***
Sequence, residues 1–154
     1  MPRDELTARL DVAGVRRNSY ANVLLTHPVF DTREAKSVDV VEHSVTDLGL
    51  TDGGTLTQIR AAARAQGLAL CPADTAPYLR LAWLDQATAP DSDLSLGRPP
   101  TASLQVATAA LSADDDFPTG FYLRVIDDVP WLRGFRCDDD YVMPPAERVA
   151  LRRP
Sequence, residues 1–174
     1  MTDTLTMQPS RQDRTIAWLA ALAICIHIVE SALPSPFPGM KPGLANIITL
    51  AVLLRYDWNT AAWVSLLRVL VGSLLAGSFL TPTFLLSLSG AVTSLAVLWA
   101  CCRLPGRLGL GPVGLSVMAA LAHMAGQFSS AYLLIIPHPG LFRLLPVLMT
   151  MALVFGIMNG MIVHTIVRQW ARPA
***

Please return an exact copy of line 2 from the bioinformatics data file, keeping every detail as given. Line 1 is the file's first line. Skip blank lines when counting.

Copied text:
     1  MPRDELTARL DVAGVRRNSY ANVLLTHPVF DTREAKSVDV VEHSVTDLGL